Like many other regions of the world, the Latin America and Caribbean region (ALC) is undergoing a process of demographic transition toward an aging population. This transition first became apparent in the 1970s and was caused by the combined effect of lower birth rates on one hand and an increase in life expectancy on the other. Between 1970 and 2005, the birth rate went from 5 children per woman to 2.8 in the ALC, reaching levels lower than the world average, which is around 3 children. In 2000, Haiti had a birth rate of 5 children per woman, making it the country with the highest rate in the insularCaribbean.
The other side of the coin in the aging of the population is the reduction, both in absolute numbers and in percentages, of the youth population. The decrease in the youth population can be seen in statistics such as the decrease in the percentage of young people in the overall population and the increase in the average age of the population. In the ALC as a whole in 1970, the average age was 19 years. In 2000, that figure was 25 years. Cuba has the highest average age in the ALC region at 33 years. By 2050, it is expected that the average age of the population in the entire ALC region will be between 35 and 40 years, with the exception of Cuba, which will be the oldest country in the region with an average age of 46 years.
At the same time, while the ALC region overall has shown a pattern of population decreases, in relative terms the adult (30-64 years of age) and elderly adult (65 years and older) segments have shown a pattern of increases in percentage of the population while youths (15-29 years) and children (14 years or less) are declining in percentage terms. The percentage of youths in the overall population ranges from 25% to 40% in the ALC today and the decline has accelerated since 1990. It is projected that it will reach a level of about 24% in 2020 as a result of the predicted decreases in birth rates. The number of youths per 100 adults (30-64 years), for example, fell from 97 in 1985 to 80 in 2000 and to 67 in 2010. It is expected to fall even further to 56 youths per 100 adults in 2020 and to 46 by 2050. But the most dramatic change is the relationship between the number of youths and the elderly population (65 years and older). The number of youths per 10 elderly adults fell from 62 in 1985 to 52 in 2000 and to 41 in 2010. It is estimated that this pattern will also continue in the future, reaching 29 youths per 10 elderly adults in 2020 and just 8 youths per 10 elderly adults in 2050.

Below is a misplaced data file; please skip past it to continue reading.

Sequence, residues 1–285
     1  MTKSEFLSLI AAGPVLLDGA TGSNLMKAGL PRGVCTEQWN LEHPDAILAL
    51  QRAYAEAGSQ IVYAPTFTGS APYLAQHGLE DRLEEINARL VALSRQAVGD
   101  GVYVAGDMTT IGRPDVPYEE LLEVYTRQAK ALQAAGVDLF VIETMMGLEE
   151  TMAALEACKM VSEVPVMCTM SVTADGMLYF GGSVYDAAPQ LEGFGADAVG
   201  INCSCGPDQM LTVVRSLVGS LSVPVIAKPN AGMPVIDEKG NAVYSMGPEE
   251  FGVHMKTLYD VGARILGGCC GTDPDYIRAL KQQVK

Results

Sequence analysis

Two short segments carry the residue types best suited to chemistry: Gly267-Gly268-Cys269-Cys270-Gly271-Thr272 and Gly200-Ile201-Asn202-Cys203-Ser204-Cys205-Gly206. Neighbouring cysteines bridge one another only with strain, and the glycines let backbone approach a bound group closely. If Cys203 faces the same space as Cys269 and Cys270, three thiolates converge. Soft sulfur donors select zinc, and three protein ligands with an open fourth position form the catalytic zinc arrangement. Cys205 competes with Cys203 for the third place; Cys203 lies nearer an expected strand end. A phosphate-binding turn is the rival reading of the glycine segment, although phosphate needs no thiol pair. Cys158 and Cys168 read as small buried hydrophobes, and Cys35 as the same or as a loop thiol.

Some analysts argue that this pattern of declining youth population will lead to intergenerational conflict between youths and adults over power. It will also create a problem with labor in the economy that could be beneficial for youths, as it will mean greater access to jobs and better salaries. All of this will depend on the level of investment that governments make on the education and training of these youths.
Meanwhile, the demographic transition has meant decreased birth rates among all age groups with the exception of births to adolescents. In fact, youths (particularly in the lower social classes) are responsible for much of the generational replacement in these societies. Some demographers have talked of a “pattern of rejuvenation” of birth rates as evidence of a situation in which live births are occurring disproportionately among youths. Countries such as Haiti, the Dominican Republic and Colombia show increasing numbers of live births among adolescent mothers.
Autor: Luis Galanes
Published: May 31, 2012.
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